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It's hair-raising stuff for Wo-Man City

By Billy Weir

Shamelessly, I am going to begin this piece with a blatant piece of plagiarism that one of my chums had on Facebook ahead of the Women's FA Cup final on BBC on Saturday evening.

He, for it was a man, suggested that it was remarkable that the organisers had managed to persuade 11 women to all go out on a Saturday evening in the same outfits, and, being post-feminist myself, I snorted in a derisory fashion.

In his defence, he at least didn't call them 'blonde' for that would have led to much angst but while we're on the subject, reporter Sue Smith, a woman with madly coiffured hair, most of it blonde, had outfit issues of her own to deal with.

Sent to America to catch up with Manchester City's new superstar, Carli Lloyd, ahead of the Wembley showdown with Birmingham City, Sue had something up her sleeve.

"For club and for country, she has made a sensational impact when she has pulled on a new jersey," she said, and, yep, you guessed it, we were in Kansas. No, I'm joking, we were in New Jersey, but if it's bad material you're after, Jonathan Pearce is your non-woman.

He and Smith are an unlikely double act, a bit like Les Dennis and Dustin Gee, although slightly funnier and minus the Mavis Riley impressions, but they have travelled the world in tandem.

"You and I did the World Cup final in Vancouver and to be honest if England had been there they would have put up a better show than Japan as they were blown away," he said as we wondered if diplomatic relations in that neck of the woods could get any worse.

But then I was distracted. And by hair; I know, I know, delicate.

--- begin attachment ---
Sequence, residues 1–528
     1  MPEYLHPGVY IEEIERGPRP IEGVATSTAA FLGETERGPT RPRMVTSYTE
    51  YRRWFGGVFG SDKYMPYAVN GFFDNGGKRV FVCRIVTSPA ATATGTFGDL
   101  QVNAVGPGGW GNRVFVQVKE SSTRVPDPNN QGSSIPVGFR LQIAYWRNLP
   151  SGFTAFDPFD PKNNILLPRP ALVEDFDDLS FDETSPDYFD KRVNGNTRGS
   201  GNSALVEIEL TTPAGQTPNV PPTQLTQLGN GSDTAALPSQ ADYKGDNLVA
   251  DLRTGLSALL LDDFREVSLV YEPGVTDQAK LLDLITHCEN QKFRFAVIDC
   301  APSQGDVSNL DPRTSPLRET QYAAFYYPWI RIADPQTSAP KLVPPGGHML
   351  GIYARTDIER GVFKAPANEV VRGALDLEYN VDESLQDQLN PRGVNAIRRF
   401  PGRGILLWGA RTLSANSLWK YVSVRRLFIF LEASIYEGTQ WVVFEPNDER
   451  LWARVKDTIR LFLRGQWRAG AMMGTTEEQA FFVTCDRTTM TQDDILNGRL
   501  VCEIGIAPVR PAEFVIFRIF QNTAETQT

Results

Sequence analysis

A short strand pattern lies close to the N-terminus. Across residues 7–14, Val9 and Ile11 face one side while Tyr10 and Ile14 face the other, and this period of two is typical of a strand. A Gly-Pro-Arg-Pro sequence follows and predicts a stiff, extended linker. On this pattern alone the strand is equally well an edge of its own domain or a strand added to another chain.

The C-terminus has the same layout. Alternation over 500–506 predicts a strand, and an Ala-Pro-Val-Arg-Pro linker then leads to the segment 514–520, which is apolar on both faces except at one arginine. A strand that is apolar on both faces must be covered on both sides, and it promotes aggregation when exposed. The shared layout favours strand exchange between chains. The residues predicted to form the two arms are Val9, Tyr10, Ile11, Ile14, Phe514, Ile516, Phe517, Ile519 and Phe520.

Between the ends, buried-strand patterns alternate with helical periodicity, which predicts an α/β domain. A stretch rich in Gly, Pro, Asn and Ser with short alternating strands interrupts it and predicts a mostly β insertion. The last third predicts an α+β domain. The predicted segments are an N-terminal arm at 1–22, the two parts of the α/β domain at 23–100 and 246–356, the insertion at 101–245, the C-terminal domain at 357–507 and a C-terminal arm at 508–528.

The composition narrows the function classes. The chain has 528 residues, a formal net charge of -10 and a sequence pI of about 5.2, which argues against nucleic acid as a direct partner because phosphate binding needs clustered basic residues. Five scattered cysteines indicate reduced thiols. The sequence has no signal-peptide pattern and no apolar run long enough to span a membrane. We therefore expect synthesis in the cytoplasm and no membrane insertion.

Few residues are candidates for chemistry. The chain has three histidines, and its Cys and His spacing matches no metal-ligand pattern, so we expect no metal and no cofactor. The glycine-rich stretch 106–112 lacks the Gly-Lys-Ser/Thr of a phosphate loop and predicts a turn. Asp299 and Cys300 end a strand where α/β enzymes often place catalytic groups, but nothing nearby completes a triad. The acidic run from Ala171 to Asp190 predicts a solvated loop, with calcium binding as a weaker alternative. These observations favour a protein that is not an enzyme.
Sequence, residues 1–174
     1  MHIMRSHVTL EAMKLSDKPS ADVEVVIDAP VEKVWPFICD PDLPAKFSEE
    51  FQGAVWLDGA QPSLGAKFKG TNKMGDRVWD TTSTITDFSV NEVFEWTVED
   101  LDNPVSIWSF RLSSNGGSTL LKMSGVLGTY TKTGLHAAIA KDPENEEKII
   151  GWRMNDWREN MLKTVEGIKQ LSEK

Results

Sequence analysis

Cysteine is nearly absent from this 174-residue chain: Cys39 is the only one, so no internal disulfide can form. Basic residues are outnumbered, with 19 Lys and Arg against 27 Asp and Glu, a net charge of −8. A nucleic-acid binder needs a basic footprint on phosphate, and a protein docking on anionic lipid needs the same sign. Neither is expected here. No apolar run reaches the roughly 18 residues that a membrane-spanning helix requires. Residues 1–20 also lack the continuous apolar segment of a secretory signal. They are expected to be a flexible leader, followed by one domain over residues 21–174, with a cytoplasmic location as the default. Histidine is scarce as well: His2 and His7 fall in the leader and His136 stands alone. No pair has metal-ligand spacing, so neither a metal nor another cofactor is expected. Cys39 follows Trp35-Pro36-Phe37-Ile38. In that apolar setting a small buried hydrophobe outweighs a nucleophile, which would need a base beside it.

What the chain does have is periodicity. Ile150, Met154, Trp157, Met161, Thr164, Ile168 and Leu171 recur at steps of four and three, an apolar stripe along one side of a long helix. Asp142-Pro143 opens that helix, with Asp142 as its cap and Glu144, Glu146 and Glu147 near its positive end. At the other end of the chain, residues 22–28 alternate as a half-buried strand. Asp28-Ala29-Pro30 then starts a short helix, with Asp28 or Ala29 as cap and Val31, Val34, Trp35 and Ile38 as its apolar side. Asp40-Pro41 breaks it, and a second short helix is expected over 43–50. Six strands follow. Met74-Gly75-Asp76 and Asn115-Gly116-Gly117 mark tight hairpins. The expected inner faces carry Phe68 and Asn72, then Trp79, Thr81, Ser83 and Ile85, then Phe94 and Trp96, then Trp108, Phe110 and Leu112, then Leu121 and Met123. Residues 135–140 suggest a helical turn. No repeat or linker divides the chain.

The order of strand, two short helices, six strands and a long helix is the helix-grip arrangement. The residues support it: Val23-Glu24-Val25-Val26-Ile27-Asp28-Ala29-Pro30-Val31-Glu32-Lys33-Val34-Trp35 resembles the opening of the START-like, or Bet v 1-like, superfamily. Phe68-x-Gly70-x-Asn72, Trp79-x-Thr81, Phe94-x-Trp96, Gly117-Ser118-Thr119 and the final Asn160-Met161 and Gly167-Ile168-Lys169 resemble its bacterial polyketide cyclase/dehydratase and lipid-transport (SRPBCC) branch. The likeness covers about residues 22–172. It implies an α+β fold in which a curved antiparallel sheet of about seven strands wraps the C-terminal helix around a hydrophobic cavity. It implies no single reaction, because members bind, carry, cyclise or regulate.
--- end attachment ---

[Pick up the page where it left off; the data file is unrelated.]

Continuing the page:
Take a bow Demi Stokes, five foot three inches of dynamic Manchester City left-back but with her magnificent Afro hairdo she came in about seven foot six, and Wembley hasn't seen the like of it since George Berry (right) and Wolves won the League Cup in 1980.

And that was probably the last time anyone had heard The Dubliners mentioned on primetime BBC TV on a Saturday evening, ahead of an appearance with Val Doonican, but Pearce (he must have a bit of Irish in him) was about to rectify that, when referring to Man City's Megan Campbell.

"She got off to a shaky start but I am told her granddad was the lead guitarist of The Dubliners, Eamonn," revealed Pearce, although what Shakin' Stevens had to do with it is anyone's guess, but if it was The Dubliners there's a fair chance there was an old guitar playing behind a green door.

Granddad may have been famous for his handiwork but so is Megan, Pearce revealed, giving her a huge build-up.

"This is the first time we've seen a long throw from Megan Campbell and if you haven't seen it just get ready for this, this is one of the longest throws in world football, she can reach the far post of normal grounds, she absolutely arrows it in," he said and with breath firmly baited, we waited.

Straight into the arms of the keeper.

"A little bit disappointing," said a crestfallen Pearce, when what Megan really should have done was lobbed the ball into Demi's hair and she could have strolled into the net without anyone noticing.

It mattered little, Man (or Wo-Man) City won 4-1 and all that was left for a girl called Sue to do was to pick her star player and when Keira Walsh was announced it was well received in Wembley.

"Your man of the match choice got a good ovation in the stadium," said Pearce, striking a blow for Men's Lib, and before he was attacked by women everywhere and Japan, he ended on a high as the celebrations began.

"The ticker-tape sprinkles down, golden and shimmering, this Manchester City side, the golden girls of English football, have just completed the domestic treble," he said, although surely the Golden Girls was a story of a domestic quadruple?

But I am not here to ruffle any feathers, or hair, perhaps it was just a blonde moment for Pearce.

Belfast Telegraph

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